Associate of Applied Science (A.A.S)
Contact Information: Program Office 615-353-3400, Program Site, E-mail: firstname.lastname@example.org
The following business degree at Nashville State Community College is accredited by the Accreditation Council for Business Schools and Programs: A.A.S. in Accounting.
The mission of the Accounting program is to provide quality education in accounting that will enable students to succeed in a career now and in the future.
The Associate of Applied Science in Accounting is designed to prepare students for employment in public, private, and governmental accounting as a paraprofessional. The program covers financial, managerial, and tax accounting using manual and computerized accounting systems.
Graduates of the program will be able to:
- Explain the role of accounting in business and how accounting information systems are used to gather, summarize, report, and analyze financial data.
- Perform the steps in the accounting cycle, complying with Generally Accepted Accounting Principles.
- Demonstrate knowledge of local, state, and federal tax laws and competence in tax planning and compliance.
- Identify ethical issues and apply a value-based reasoning system to accounting issues.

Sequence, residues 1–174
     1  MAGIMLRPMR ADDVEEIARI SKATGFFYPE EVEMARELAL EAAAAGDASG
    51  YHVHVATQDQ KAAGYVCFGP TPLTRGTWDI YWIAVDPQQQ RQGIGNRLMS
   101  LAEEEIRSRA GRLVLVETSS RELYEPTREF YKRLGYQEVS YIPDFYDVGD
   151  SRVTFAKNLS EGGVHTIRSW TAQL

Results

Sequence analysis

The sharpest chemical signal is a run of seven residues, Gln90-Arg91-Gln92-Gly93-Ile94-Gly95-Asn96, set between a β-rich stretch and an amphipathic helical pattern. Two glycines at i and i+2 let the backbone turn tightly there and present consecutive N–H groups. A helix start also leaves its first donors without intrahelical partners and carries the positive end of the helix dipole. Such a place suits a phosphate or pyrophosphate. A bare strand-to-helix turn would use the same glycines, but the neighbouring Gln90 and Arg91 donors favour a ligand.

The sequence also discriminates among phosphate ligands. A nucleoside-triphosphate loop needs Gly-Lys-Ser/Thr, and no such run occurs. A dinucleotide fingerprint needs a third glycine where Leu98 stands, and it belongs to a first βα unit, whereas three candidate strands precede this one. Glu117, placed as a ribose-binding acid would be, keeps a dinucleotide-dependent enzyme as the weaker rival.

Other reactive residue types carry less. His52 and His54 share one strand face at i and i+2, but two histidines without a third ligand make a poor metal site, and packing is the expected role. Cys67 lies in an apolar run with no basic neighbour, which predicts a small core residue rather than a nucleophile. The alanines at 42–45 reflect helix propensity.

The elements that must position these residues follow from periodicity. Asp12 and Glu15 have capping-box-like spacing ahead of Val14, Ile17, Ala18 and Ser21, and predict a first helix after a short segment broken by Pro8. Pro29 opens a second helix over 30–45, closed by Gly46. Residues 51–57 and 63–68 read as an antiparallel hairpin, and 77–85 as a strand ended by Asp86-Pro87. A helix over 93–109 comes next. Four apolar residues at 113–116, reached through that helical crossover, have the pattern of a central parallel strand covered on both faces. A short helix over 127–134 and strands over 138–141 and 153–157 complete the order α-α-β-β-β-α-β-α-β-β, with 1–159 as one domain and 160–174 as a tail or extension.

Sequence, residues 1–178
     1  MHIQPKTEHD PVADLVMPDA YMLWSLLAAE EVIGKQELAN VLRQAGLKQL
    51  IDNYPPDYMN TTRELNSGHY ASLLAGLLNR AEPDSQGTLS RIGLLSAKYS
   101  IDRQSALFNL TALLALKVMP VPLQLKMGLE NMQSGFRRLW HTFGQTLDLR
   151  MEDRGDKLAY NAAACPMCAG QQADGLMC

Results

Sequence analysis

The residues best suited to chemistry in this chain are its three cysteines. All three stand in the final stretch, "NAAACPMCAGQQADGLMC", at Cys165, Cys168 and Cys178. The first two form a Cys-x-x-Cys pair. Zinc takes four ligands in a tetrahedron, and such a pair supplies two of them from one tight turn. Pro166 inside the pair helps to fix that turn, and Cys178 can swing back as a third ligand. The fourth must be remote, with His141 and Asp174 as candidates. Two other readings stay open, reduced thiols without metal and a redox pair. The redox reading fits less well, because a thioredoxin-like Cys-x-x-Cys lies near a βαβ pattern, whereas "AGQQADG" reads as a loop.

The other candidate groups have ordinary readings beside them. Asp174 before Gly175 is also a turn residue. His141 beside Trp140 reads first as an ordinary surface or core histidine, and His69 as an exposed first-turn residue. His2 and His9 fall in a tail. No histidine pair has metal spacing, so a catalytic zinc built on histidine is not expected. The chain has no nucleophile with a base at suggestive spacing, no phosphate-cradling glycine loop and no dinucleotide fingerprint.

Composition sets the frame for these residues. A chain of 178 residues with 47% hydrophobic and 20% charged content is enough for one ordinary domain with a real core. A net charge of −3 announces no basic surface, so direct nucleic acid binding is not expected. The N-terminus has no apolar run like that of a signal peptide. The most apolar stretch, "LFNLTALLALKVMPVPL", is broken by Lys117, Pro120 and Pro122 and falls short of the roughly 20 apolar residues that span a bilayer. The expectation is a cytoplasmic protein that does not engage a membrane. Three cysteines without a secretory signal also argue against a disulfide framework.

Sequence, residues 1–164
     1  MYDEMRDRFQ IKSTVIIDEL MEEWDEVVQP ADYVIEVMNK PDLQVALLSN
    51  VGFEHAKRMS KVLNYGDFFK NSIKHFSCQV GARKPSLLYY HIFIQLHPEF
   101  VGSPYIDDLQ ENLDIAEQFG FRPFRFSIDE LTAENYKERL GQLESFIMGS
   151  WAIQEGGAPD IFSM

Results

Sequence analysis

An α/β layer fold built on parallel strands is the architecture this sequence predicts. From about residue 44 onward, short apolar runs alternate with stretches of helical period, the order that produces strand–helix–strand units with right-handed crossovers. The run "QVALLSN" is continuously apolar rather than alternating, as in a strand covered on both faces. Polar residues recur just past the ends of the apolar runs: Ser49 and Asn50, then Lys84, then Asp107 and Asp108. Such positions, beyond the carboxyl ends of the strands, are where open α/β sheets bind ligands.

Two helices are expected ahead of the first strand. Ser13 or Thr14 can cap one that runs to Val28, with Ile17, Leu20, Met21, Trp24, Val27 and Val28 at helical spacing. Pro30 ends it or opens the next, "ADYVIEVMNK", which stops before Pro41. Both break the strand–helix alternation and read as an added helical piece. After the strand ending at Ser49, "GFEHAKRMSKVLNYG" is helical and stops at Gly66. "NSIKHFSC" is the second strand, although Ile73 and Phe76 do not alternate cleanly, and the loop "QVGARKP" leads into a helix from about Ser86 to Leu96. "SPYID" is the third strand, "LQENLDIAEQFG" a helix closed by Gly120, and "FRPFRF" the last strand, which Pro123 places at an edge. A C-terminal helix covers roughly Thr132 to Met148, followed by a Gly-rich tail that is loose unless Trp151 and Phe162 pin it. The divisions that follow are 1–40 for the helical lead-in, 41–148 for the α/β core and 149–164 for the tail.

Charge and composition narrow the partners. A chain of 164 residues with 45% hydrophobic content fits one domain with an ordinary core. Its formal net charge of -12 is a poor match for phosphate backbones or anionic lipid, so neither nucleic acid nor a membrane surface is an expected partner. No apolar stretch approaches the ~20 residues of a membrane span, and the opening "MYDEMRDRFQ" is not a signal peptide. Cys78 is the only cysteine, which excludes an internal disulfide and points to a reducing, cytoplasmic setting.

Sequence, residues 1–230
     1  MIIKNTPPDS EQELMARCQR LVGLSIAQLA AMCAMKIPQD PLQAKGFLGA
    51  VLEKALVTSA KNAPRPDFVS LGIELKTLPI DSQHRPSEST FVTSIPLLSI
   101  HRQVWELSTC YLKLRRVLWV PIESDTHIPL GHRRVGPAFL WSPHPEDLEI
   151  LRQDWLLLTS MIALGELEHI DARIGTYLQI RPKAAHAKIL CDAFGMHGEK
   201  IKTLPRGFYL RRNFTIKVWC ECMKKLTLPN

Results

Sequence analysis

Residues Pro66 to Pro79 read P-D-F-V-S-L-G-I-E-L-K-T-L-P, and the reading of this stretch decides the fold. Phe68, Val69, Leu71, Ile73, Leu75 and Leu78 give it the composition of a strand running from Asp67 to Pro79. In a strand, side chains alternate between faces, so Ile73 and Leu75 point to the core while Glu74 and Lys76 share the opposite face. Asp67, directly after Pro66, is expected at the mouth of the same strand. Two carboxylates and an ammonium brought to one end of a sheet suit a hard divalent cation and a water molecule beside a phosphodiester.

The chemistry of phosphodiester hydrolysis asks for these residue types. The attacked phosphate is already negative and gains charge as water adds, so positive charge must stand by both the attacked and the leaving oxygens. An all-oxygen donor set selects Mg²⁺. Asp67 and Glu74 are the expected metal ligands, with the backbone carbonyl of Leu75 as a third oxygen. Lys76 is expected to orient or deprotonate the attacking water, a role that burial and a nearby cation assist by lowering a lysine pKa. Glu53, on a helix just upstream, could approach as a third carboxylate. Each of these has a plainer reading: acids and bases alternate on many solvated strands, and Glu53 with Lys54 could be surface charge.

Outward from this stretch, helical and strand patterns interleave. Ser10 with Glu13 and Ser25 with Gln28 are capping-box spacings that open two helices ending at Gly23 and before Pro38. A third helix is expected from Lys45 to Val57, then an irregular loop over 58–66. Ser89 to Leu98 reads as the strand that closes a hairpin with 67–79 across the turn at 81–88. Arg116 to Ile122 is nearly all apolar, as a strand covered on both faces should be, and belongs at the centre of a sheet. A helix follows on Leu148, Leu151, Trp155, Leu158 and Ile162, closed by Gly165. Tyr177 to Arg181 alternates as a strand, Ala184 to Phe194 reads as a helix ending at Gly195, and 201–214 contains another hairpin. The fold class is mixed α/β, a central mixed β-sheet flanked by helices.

- Apply knowledge of business and accounting application software to solve a wide range of business problems.
- Apply knowledge of auditing concepts, methods, and processes of control that provide for the accuracy and integrity of financial data and safeguarding of assets.
- Staff Accountant, Assistant Accountant, or Full-Charge Bookkeeper
- Payroll Accountant
- Accounts Receivable Clerk or Accounts Payable Clerk
- Tax Preparer
A grade of “C” or above must be earned in all Accounting (ACCT) courses to meet requirements for graduation.
The A.A.S. degree is designed to prepare a student for employment upon graduation. Some universities, at their discretion, accept some technical courses for transfer. A student who plans to transfer to a university should consult his/her advisor and the receiving university about transfer and articulation policies. Failure to do so could result in loss of transfer credits.